It’s curious how often I do what I think I SHOULD do – what I was brought up to do. I was taught to behave in prescribed ways, believe culturally acceptable ideas and fear the consequences of misbehavior – of being ostracized. It’s my obligation, my duty; to behave correctly – according to my people, my culture.
Life is better when I’m with my tribe – I am … we are, social animals.
But when can I know that going along to get along is to my detriment? What if my experience is different? There are still consequences; denial of self or nonconformity. What I can live with?
What if I didn’t fear the consequences? Felt I had nothing to lose? Would I choose differently?
My husband and I watched the movie “Veronika Decides to Die” based on the book by Paulo Coeloho. Veronika, beautiful and young – appears to have everything; yet finds life isn’t worth living. After an unsuccessful suicide attempt she wakes up in a mental hospital. She learns that her actions ruined her heart and only has days to live. She also learns that crazy people don’t have to be “normal.” These lessons liberate her and change her attitude, her way of seeing the world. She now has reason to live.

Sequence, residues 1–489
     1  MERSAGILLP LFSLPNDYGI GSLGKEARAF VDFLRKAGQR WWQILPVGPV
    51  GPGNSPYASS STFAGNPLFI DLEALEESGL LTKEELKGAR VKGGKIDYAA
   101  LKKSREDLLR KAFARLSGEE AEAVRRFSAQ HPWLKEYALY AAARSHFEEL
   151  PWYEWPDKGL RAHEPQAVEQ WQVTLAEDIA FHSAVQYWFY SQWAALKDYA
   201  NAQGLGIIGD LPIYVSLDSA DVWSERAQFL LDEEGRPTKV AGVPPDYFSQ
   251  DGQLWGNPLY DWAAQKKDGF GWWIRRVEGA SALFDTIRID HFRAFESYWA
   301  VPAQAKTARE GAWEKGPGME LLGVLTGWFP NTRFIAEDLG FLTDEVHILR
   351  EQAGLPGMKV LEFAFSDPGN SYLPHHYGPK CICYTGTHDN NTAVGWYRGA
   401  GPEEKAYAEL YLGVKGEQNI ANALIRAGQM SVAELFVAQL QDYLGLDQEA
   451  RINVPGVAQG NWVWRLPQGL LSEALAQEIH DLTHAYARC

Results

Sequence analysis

As a corporate wonk, I took a psych test to find out what traits might derail my career. One of my derailers was mischievousness. HA! Knowing this delighted me – and strangely enough I exploited it. Maybe that didn’t do me many favors – but I felt liberated; maybe like Veronika. Being a nonconformist in a buttoned up world boosted my desire to retire early; loosened those golden handcuffs.
Yes there are consequences for every choice, every decision. Each choice is personal, unique; a privilege and a responsibility.
“I saw myself sitting in the crotch of this fig tree, starving to death, just because I couldn’t make up my mind which of the figs I would choose. I wanted each and every one of them, but choosing one meant losing all the rest, and, as I sat there, unable to decide, the figs began to wrinkle and go black, and, one by one, they plopped to the ground at my feet.” ― Sylvia Plath, The Bell Jar